As the Dark Store Theory continues to spread throughout the country, expect legislation addressing the issue to be introduced and debated in many statehouses, along with separate initiatives from interested organizations.

©2021 von Briesen & Roper, s.cNational Law Review, Volume VII, Number 78

About this Author

Chris A. Jenny, von Briesen Roper Law Firm, Madison, Corporate, Real Estate and Family Estate Law Attorney

Chris A. Jenny is a Shareholder in the Madison office of von Briesen & Roper, s.c. He focuses his practice on representing business owners in a wide variety of niche markets to become more profitable while minimizing their risk and expenses. Chris’s practice has a heavy concentration in the real estate, construction, and information technology industries. This practical experience is a tremendous benefit to the contractors, suppliers, landlords, tenants and real estate developers he represents. Chris’s construction...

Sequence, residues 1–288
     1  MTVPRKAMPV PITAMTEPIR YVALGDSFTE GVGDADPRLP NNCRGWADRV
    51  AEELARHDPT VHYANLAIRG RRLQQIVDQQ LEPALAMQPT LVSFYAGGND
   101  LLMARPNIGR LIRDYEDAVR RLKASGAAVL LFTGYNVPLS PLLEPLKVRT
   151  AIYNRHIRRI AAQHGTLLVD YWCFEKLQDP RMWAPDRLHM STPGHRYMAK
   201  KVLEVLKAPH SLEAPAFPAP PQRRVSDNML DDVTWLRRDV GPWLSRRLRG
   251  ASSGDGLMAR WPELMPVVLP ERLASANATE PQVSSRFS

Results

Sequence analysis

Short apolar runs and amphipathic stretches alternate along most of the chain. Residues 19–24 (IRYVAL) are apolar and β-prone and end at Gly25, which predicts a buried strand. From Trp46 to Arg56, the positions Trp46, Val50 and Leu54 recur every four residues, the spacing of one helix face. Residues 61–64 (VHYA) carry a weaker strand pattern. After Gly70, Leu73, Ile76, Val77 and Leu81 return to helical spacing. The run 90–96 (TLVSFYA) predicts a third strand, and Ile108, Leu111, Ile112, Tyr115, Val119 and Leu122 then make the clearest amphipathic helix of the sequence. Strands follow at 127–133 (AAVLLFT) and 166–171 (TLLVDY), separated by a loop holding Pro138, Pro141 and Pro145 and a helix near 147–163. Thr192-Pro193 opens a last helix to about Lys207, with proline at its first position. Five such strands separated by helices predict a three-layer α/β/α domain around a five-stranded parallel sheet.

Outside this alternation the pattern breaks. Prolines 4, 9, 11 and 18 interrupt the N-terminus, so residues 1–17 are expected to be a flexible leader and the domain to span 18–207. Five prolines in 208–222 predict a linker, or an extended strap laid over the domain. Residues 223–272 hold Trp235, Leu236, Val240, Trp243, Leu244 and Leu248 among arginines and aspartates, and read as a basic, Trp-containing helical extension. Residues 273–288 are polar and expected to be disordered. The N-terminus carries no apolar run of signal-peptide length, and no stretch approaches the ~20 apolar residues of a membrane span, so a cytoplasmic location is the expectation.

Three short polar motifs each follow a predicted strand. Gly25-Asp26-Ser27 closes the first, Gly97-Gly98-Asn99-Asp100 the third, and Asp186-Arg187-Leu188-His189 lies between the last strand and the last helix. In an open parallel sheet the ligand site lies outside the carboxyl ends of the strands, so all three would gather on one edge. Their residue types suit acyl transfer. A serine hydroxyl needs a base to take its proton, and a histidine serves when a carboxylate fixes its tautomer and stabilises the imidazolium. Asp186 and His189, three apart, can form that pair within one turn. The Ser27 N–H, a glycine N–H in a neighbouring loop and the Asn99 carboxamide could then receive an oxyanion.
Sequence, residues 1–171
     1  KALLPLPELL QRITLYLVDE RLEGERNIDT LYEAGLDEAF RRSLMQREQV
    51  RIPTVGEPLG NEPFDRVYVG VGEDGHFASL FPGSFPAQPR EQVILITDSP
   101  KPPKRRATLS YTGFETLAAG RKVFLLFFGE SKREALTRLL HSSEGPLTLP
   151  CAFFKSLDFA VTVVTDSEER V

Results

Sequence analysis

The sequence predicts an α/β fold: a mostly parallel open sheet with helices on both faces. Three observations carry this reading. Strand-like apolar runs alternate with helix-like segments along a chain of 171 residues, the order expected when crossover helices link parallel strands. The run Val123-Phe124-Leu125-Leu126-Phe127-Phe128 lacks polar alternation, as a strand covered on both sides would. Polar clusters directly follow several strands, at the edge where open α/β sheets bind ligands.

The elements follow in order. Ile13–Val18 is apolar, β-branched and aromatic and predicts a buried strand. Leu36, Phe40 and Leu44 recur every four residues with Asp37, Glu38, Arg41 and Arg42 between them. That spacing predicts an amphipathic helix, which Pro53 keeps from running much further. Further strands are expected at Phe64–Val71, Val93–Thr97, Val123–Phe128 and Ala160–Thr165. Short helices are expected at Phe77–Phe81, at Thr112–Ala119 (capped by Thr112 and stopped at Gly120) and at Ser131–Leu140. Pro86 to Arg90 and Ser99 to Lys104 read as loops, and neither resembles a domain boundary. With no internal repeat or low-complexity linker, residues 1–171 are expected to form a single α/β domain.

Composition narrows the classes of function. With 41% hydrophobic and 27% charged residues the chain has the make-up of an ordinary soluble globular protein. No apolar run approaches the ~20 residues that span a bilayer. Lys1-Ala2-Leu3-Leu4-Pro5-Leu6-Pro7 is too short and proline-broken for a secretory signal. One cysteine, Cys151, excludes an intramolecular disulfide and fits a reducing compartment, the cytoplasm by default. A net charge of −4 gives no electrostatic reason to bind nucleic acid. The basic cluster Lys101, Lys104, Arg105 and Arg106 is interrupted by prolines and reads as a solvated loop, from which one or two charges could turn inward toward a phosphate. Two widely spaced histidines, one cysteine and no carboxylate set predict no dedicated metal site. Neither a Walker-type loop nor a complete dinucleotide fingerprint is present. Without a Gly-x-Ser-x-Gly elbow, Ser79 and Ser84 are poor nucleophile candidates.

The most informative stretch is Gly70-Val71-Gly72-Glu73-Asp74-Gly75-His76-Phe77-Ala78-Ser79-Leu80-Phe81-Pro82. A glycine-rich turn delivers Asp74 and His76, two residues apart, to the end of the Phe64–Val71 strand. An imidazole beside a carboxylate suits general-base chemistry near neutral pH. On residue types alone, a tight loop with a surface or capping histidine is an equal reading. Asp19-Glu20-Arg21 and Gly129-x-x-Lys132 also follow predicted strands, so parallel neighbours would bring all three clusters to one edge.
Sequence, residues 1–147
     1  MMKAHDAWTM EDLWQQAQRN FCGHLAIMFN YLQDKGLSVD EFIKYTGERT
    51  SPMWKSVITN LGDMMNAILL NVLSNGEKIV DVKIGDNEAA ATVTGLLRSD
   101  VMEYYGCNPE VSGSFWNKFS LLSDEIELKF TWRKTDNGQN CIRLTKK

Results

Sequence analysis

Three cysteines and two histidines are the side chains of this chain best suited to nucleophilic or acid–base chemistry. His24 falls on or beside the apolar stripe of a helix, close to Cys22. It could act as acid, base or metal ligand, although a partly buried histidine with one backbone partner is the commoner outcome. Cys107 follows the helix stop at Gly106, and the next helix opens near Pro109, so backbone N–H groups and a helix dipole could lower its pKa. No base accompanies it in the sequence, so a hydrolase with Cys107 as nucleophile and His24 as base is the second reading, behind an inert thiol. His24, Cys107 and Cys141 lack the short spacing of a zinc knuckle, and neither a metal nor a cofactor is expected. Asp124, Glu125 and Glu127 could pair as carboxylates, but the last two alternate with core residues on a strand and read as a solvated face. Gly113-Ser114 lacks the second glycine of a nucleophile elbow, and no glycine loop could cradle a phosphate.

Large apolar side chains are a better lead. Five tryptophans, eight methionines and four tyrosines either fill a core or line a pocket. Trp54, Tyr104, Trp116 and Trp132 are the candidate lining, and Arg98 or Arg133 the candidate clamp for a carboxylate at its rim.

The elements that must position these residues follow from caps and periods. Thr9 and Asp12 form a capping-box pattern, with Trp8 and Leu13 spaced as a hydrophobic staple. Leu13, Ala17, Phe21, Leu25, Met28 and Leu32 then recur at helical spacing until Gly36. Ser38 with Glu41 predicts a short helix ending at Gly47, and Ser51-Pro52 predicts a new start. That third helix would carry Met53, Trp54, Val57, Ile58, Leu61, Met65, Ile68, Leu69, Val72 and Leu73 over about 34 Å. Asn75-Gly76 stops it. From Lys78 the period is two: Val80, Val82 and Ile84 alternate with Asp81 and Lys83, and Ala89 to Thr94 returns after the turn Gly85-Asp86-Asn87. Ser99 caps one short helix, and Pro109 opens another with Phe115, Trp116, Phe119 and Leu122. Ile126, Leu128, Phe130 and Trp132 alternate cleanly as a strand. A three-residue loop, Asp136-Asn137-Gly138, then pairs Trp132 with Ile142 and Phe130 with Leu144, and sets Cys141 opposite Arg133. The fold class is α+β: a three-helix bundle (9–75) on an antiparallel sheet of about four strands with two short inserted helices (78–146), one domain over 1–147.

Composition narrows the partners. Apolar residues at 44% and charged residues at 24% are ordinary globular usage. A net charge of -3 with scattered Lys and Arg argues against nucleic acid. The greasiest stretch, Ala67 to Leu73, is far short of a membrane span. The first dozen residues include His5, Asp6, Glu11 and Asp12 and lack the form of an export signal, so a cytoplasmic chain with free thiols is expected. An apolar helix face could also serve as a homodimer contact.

William West, von Briesen Roper Law Firm, Milwaukee, Corporate and Real Estate Law Attorney

Bill West is a Shareholder. He Chairs the Firm’s Business Section and the Firm’s Mergers & Acquisitions Section.

Bill is a trusted advisor to his clients and they rely on his ability to achieve desired outcomes in a practical, timely and cost-effective manner – in other words, he gets things done. He has over 30 years of experience in corporate and business related transactions including:

  • Mergers and acquisitions

  • Complex corporate and commercial transactions

  • ...
Ryan Siehr, von Briesen Law Firm, Milwaukee, Corporate and Health Care Law Attorney

Ryan Siehr is an attorney in the Business Practice Group and serves as chair of the Health Information Privacy and Security Section. Ryan advises hospitals, multi-institutional health care systems, physician groups and specialty providers regarding a variety of transactional health care related matters, including acquisitions, physician agreements, and equipment and office space leasing arrangements. Ryan focuses on assisting these entities with HIPAA compliance, including developing policies and procedures and negotiating business associate, data use, trading partner,...